To enter our contest, head over to our Facebook page, "like" us, share the post, and leave a comment under our AppleCheeks contest regarding any product that you like to use that saves money and the environment! 

One entry per person. 
Contest is open worldwide. 
Contest closes on February 7th, 2013, with the drawing on February 8th, 2013. Good luck!

Here's a tutorial to show just how easy and carefree using AppleCheeks reusable diapers are.


Enjoy! 

New Year's Eve Celebration on the Cheap


2012 has been a year of fiscal belt tightening in many homes. According to many news sources, more people will be spending New Year's in their own home this year. Between the cost of entertainment, babysitters, and what not, it may not be an affordable date night for you.

I can't remember the last time we went out, without the children, on New Year's.

Here I am to share some options with you so that you can still celebrate the big night without breaking the bank.

-Have a stay in night. Order in some special food, or for a less expensive option, buy a frozen entree meal to celebrate. To save even more money, cook a special meal at home with those that you want to be with.


-Buy some decorations at the dollar store or make your own hats, confetti and other fun decorations. 



-While you're staying in, why not have some others on as well? You could have a potluck, or just have everyone bring their leftover Christmas treats.


-Have a games night with your friends. Charades, Aggravation, Cranium, Monopoly (ugh), any new games that anyone got for Christmas, turn on some music for dancing, or just hang out and socialize.


-If everyone has children, why not invite them and have a movie night, or a games room for the children. Put an older child in charge. The younger ones may, or may not, make it to midnight.


-Go view your town's firework display


-Many places have free family friendly New Year's Celebrations. Check with your local town/city hall to see what your area is offering.




However you chose to celebrate New Year's Eve, do it responsibly. Do not drink and drive. Under any circumstances. Stay safe and have fun.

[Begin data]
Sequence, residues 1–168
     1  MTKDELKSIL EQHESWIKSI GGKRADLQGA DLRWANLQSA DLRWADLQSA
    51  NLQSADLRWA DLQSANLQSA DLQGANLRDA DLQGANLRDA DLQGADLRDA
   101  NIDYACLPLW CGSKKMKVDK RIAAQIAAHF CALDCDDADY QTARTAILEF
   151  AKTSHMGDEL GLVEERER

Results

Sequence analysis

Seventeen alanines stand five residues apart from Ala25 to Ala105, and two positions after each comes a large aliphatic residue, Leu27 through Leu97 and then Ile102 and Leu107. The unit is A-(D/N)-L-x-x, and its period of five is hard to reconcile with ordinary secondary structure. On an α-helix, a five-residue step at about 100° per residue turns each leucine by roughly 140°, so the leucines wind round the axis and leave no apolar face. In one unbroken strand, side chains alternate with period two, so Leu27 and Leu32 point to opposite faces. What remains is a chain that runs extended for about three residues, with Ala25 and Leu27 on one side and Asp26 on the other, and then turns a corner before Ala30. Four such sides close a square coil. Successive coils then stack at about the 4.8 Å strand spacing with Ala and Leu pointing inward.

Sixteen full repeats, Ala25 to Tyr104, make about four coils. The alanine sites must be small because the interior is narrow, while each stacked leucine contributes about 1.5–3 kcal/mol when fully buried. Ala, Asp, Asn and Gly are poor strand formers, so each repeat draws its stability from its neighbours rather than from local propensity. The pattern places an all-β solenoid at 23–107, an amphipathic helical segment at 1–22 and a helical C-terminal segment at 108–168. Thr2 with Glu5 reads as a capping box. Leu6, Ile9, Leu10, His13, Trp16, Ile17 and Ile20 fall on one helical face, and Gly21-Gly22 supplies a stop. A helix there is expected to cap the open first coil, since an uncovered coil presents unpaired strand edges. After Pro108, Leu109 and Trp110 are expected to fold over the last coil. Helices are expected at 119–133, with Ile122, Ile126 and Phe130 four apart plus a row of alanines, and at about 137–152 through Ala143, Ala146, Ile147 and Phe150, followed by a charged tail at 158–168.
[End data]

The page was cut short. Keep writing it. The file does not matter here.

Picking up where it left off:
And, Happy New Year!




Looking for Ways to Save Money This Christmas? -November Radio Column

November radio column is posted up! Take a listen to hear some ways to save money this Christmas. Then share your ideas here or on our facebook page. To listen to the radio column click here. To share on our Facebook page click here.  On the column we talked about the 4 gift rule. What are you thoughts?








Salsa Recipe

Here for your tastebuds and garden bounty, is my salsa recipe. I hope you like it! Have a salsa recipe to share? Comment, email, or Facebook us!

Liz's Salsa Recipe:

20 large tomatoes
6 large onions
1 3/4 cup vinegar
6 large peppers
3 hot peppers
8 tsp cummin
8 tsp salt
9 dashes of hot sauce
3 small cans of tomato paste
7 tsp oregano
10 cloves og garlic
1 1/2 tsp cayenne pepper
2 tsp crushed chillies
1 bunch of fresh cilantro
6 tbsp cornstarch

I cut everything up in my food processor, throw it all in a large stock pot and simmer it for 25 minutes or more, stirring occasionally. This makes a medium hot recipe. Sometimes I switch the quantity around for the hot and sweet peppers depending on what has grown in the garden and if I want hotter salsa or not. Then place it in a hot water bath for 20 mins. Tastes better after it's been stored for a few months and the flavours have had time to set.

What's your favourite salsa recipe? Please share it with us!

Enjoy!